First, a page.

He couldn't focus on the reading as his thoughts kept going back to the girl. He felt guilty about entertaining the thought that she might have been better off if he had hit her with the car. It was such an unwarranted assumption that her life was devoid of meaning because of how much she had to suffer. He thought, "Fuck, I've suffered too and I don't want to die." The thought occurred to him that he had never seen her smile. From that his thoughts drifted to the night that his ex-wife Jenny had honed her words so sharply that they ripped through the flesh and bone and filleted his heart as expertly as Sushi chef sliced raw fish. "Life is fucking hard," he whispered.
Unbeknownst to Danny, the girl was still thinking about the incident too. She sat and wondered about why she was so unconcerned with the idea of being obliterated by an automobile, and yet would go to such extreme efforts to gets her hands on some Meth to make herself dissolve for a few moments. She was sitting in a comfortable brown EZ chair with a glass pipe in her left hand and a blue Bic lighter in her right, and with every comforting puff of the pipe she remembered the day when she was a child and had fallen off her bike and ran into the house and jumped into her father's lap as he sat in the same chair, and he sang to her and rocked her back and forth until her tears dried. She also remembered her mother's focus had never left the crossword puzzle she was working on.
About noon, Danny's oldest daughter called to tell him that she couldn't go to lunch with him that day because she was going to work at food pantry handing out groceries to the poor people of Freeport, a city about a mile north of Concord. She told him that if he wanted, he could go with her. He thought about things for a moment then lied and told her he was going to watch a football game with friends.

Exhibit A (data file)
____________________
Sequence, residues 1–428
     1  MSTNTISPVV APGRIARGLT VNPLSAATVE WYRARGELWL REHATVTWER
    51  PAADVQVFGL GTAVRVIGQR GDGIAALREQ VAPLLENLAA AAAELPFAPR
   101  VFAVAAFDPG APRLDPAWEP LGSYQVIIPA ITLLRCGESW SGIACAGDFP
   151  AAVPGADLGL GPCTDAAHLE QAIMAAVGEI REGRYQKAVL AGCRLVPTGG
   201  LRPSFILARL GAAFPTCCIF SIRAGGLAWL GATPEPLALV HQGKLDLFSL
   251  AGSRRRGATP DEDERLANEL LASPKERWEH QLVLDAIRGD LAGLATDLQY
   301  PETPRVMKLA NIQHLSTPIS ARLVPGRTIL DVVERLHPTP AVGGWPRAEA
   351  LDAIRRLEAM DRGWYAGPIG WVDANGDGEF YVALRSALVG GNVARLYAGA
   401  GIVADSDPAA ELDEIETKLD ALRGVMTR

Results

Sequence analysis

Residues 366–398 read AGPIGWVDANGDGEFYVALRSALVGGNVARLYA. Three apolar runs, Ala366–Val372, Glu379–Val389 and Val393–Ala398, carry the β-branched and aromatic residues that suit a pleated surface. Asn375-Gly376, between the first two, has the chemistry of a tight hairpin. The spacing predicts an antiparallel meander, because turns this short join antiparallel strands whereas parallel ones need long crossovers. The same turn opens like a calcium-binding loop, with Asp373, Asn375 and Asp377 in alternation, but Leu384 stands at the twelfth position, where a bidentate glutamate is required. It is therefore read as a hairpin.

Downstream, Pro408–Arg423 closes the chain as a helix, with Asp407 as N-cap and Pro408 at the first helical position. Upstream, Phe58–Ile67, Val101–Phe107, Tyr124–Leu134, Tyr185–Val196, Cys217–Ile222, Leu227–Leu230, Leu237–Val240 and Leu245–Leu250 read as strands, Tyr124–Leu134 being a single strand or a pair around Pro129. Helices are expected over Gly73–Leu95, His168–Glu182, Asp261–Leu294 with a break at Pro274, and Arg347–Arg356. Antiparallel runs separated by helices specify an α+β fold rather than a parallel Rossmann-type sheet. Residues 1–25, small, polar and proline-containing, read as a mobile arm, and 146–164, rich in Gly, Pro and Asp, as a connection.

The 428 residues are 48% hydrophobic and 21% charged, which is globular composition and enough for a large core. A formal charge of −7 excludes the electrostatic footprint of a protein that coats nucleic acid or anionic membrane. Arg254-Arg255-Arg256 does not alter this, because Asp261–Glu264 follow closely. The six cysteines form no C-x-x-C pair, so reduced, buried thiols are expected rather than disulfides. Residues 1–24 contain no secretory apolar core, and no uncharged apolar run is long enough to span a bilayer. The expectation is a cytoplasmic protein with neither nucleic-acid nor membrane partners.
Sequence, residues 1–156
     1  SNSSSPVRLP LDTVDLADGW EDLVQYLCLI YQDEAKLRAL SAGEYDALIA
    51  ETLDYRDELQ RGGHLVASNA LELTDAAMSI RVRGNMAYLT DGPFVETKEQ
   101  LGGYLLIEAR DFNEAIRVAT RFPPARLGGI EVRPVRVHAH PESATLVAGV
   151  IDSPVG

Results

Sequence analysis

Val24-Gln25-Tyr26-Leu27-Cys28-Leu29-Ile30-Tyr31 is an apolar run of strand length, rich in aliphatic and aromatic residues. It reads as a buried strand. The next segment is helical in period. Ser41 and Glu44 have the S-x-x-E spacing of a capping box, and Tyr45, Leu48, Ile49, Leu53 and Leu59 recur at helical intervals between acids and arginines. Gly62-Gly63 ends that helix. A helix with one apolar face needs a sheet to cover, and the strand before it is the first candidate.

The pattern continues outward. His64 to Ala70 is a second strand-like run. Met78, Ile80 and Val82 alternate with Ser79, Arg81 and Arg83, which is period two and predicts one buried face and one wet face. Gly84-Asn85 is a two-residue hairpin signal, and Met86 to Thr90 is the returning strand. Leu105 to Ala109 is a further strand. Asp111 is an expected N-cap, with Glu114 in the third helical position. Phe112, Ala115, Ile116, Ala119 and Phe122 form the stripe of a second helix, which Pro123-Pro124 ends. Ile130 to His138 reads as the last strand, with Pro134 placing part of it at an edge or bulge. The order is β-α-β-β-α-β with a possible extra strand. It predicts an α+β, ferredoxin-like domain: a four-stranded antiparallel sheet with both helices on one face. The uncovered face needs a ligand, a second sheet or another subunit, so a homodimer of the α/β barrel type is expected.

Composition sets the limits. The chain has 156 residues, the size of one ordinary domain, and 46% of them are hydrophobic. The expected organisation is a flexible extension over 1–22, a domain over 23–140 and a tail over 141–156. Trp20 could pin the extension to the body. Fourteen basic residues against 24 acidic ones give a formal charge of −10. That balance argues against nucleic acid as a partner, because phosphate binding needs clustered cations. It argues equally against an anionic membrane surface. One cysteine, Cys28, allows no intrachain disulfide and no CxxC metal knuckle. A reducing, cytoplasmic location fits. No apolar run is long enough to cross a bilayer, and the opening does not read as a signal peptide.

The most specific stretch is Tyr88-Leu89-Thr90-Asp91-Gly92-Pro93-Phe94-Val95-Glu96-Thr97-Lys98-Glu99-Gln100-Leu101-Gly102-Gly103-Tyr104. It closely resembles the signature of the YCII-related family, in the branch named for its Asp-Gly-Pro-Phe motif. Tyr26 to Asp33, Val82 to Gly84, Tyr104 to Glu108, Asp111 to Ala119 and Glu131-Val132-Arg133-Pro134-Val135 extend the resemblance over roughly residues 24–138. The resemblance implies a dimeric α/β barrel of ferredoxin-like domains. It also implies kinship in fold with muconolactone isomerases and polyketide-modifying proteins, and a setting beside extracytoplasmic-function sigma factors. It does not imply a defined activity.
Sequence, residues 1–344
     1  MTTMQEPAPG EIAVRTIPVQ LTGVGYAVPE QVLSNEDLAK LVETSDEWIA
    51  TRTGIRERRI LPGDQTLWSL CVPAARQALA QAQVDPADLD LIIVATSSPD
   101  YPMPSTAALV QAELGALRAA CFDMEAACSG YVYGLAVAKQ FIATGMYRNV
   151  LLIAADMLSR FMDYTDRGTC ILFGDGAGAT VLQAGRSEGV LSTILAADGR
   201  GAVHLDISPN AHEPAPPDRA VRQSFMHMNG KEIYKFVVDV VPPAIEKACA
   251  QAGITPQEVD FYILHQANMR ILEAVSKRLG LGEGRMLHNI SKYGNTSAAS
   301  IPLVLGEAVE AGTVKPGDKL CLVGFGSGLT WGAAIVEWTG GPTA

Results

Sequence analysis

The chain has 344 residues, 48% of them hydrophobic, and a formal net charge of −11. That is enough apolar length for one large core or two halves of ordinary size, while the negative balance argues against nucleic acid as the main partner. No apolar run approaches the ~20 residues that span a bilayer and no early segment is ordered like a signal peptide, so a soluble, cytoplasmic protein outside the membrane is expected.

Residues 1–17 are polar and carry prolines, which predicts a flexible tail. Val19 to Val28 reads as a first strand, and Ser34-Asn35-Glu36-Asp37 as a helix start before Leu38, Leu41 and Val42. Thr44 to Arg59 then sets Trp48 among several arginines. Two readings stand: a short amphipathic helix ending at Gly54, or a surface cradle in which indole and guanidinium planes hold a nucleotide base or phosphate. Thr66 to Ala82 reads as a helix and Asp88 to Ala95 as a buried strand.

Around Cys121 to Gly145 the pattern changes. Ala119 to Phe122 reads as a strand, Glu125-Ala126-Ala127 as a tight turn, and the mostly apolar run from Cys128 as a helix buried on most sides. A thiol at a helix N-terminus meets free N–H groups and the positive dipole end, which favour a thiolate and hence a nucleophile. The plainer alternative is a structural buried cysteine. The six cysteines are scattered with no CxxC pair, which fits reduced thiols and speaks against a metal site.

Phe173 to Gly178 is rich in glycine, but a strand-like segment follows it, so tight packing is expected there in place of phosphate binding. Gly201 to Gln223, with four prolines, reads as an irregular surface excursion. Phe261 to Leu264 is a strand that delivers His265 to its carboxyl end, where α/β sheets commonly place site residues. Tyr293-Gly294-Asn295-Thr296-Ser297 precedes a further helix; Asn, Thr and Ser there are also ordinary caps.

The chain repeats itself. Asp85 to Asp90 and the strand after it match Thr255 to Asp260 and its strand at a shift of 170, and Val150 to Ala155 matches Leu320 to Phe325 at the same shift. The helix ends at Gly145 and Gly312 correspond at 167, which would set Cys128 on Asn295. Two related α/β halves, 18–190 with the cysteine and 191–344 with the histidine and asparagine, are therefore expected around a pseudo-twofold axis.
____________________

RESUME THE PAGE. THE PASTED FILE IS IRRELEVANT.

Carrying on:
Early the next morning, he went uptown to buy some Gatorade. Entering the store, he looked to his left and saw the girl selecting a water bottle from one of the iceboxes in the rear of the store. As she came forward, they met in the middle of an aisle, and he had to turn slightly to let her get by him. She didn't look at him, but he said, "Hi, Grace." She took a step past him and paused for a moment like she couldn't believe that someone had spoken to her, then kept going. Danny went to the icebox and pretended to decide what color Gatorade he wanted. The girl was going out the door when he went back to the front to pay. He pulled out a twenty dollar bill and sat it on the counter.
"I'm sorry." The girl had stopped halfway out and turned back to apologize, "You know, about yesterday."
"No biggie, " he shrugged and smiled weakly, "Glad you're okay."
As the cashier rang him up, he looked out the window behind the resister and saw the girl riding toward the park. She almost got hit crossing Main.
"You okay, Sir?"
He turned and looked at the Cashier who held his change in her outstretched hand.
Confused, he touched his cheek, and it was wet. He wiped his fingers on his shirt, took the change, stuffed it in his pocket, and walked out of the store.